Another Latin term, referring to "to prohibit". This is an order issued by a higher court to a lower court, in circumstances wherein the latter might act or might have acted, beyond its specified jurisdiction.
  4. Certiorari:
    It means "certified". It is again, issued by a higher court to a lower court to transfer any matter pending before the latter, in order to apply more careful consideration as the former deems fit.
  5. Quo Warranto:
    This translates to "by what authority", and is issued by a court to a public official in order to observe and inquire about such person's authority and jurisdiction over the office and the matters undertaken by him.
Pronouncing the authority of Supreme Court in matters concerning Writ jurisdiction, clause (2) of Art. 32[3] of the Constitution of India states:
The Supreme Court shall have power to issue directions or orders or writs, including writs in the nature of habeas corpus, mandamus, prohibition, quo warranto and certiorari, whichever may be appropriate, for the enforcement of any of the rights conferred by this Part.

Whereas Art. 226(1)[4] of the Constitution of India states:
Notwithstanding anything in Article 32 every High Court shall have powers, throughout the territories in relation to which it exercises jurisdiction, to issue to any person or authority, including in appropriate cases, any Government, within those territories, directions, orders or writs for the enforcement of any of the rights conferred by Part-III and for any other purpose.

Additionally, as per the primary conclusions derived by the virtue of Art. 226[5], it may be noted that High Courts have additional powers with respect to the issuing of Writs. In this case, they have greater clout than the Supreme Court. Unlike the Supreme Court, which must issue Writs when fundamental rights are violated, the High Court can grant Writs at its discretion.

While examining the legitimacy and appropriateness of this jurisdiction, the apex court and many a times, several high courts have given numerous judgments for the consideration of the subject.

For instance, in the case of L. Chandra Kumar v. Union of India[6], the Hon'ble Supreme Court ruled that the Supreme Court's authority to issue writs to Indian citizens in order to uphold their fundamental rights is an aspect of the basic structure concept and that, as a result, this power can never be amended or eliminated.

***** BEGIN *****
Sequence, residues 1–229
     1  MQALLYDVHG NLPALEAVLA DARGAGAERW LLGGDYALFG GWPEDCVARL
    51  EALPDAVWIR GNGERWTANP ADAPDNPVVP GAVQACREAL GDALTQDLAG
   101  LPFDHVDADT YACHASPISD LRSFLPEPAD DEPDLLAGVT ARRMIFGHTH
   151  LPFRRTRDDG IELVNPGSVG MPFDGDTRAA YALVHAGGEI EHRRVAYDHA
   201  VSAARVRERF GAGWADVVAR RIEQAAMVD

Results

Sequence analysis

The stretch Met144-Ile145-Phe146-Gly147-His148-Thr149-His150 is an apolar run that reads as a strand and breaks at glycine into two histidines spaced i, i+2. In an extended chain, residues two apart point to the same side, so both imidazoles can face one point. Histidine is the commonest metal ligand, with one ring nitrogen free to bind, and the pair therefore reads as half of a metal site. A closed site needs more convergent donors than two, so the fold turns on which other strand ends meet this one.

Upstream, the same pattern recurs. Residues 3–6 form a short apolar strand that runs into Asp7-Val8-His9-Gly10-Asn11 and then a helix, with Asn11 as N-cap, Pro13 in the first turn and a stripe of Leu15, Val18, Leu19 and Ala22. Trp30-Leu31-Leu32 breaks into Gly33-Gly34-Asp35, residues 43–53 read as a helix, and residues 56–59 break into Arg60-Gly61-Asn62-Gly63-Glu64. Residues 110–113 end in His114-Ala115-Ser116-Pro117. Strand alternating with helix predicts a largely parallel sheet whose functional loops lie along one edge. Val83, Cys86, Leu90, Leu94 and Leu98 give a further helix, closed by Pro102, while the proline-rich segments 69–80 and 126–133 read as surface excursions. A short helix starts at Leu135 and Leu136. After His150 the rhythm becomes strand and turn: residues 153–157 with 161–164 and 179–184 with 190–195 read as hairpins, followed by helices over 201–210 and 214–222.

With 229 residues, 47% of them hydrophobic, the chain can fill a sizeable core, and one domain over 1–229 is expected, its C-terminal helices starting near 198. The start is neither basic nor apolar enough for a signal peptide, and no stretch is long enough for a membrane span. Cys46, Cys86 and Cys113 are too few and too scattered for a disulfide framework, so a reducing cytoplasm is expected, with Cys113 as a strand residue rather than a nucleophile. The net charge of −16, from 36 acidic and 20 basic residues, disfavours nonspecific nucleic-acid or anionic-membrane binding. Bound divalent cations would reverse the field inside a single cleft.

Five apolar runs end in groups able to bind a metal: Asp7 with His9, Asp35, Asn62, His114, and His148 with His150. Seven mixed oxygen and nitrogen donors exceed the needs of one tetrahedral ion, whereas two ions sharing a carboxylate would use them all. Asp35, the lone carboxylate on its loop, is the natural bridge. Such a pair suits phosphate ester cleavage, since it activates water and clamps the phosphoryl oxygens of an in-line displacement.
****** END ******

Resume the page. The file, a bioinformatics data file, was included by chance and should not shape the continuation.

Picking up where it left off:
Secondly, AK Gopalan v. State of Madras[7]. This case shed light on the principles of 'due process of law' and 'procedure established by law', as well as the legitimacy of the Preventive Detention Act, 1950[8] and the relationship between Art.(s) 19[9] and 21[10] as well as the Writ of Habeas Corpus. The said act contained provisions for arrest, contrary to what mandated by law, and held to be valid in the matter, which was later overruled under Maneka Gandhi v. Union of India[11].

In another case of SP Gupta v. UOI[12], also known as the "judges' transfer" case. The appeal asked for the availability of documents related to the transfer and appointment of judges. According to the Court, every record of public importance must be made available upon request, and this was one such document. The Writ of Mandamus was upheld and utilised to sue the government.

Therefore, it may be understood that the Writ jurisdiction is and has been a major standpoint in the legal and constitutional history of India, followed by its scope in the present judicial framework as well, for it holds a central place in matters pertaining to threat to the fundamental and legal rights of the citizens of India.

Hence, it may be established that the Constitution of India not only provides its citizens with a range of ways to freely enjoy their rights, but also to defend those rights. Furthermore, the Indian Constitution has created the nation's judicial framework and structure in such a delicate and precise manner that it gives the higher judiciary a significant amount of power and authority for the protection of individuals' freedom and dignity, as well as for upholding the principles of democracy in their purest form.

  1. Constitution of India 1950, art 32.
  2. Constitution of India 1950, art 226.
  3. Constitution of India 1950, art 32(2).
  4. Constitution of India 1950, art 226(1).
  5. Constitution of India 1950, art. 226.
  6. L. Chandra Kumar v Union of India (1997) 3 SCC 261.
  7. A.K. Gopalan v State of Madras 1950 SCC 228.
  8. Preventive Detention Act, 1950.
  9. Constitution of India 1950, art. 19.
  10. Constitution of India 1950, art. 21.
  11. Maneka Gandhi v Union of India (1978) 1 SCC 248.
  12. S.P. Gupta v Union of India 1981 Supp SCC 87.